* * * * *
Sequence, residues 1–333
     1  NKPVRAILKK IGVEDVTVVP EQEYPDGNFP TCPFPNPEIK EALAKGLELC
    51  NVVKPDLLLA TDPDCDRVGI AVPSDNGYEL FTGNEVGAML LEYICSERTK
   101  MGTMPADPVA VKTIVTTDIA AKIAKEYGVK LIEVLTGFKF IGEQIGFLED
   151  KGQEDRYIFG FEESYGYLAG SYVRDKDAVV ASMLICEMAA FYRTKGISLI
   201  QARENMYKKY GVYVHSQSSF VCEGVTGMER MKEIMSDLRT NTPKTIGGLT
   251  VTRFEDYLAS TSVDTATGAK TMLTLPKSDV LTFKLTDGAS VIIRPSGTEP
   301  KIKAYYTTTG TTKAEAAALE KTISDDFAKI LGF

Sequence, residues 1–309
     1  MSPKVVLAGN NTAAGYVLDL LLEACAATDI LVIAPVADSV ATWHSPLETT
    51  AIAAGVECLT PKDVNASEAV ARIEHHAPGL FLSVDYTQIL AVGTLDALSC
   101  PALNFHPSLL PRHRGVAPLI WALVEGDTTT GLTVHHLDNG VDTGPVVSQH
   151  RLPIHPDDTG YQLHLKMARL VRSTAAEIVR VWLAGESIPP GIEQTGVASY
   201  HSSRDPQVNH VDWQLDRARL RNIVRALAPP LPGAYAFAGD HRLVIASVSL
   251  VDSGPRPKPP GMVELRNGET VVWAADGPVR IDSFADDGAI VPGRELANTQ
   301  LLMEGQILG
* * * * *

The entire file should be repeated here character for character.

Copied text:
Sequence, residues 1–333
     1  NKPVRAILKK IGVEDVTVVP EQEYPDGNFP TCPFPNPEIK EALAKGLELC
    51  NVVKPDLLLA TDPDCDRVGI AVPSDNGYEL FTGNEVGAML LEYICSERTK
   101  MGTMPADPVA VKTIVTTDIA AKIAKEYGVK LIEVLTGFKF IGEQIGFLED
   151  KGQEDRYIFG FEESYGYLAG SYVRDKDAVV ASMLICEMAA FYRTKGISLI
   201  QARENMYKKY GVYVHSQSSF VCEGVTGMER MKEIMSDLRT NTPKTIGGLT
   251  VTRFEDYLAS TSVDTATGAK TMLTLPKSDV LTFKLTDGAS VIIRPSGTEP
   301  KIKAYYTTTG TTKAEAAALE KTISDDFAKI LGF

Sequence, residues 1–309
     1  MSPKVVLAGN NTAAGYVLDL LLEACAATDI LVIAPVADSV ATWHSPLETT
    51  AIAAGVECLT PKDVNASEAV ARIEHHAPGL FLSVDYTQIL AVGTLDALSC
   101  PALNFHPSLL PRHRGVAPLI WALVEGDTTT GLTVHHLDNG VDTGPVVSQH
   151  RLPIHPDDTG YQLHLKMARL VRSTAAEIVR VWLAGESIPP GIEQTGVASY
   201  HSSRDPQVNH VDWQLDRARL RNIVRALAPP LPGAYAFAGD HRLVIASVSL
   251  VDSGPRPKPP GMVELRNGET VVWAADGPVR IDSFADDGAI VPGRELANTQ
   301  LLMEGQILG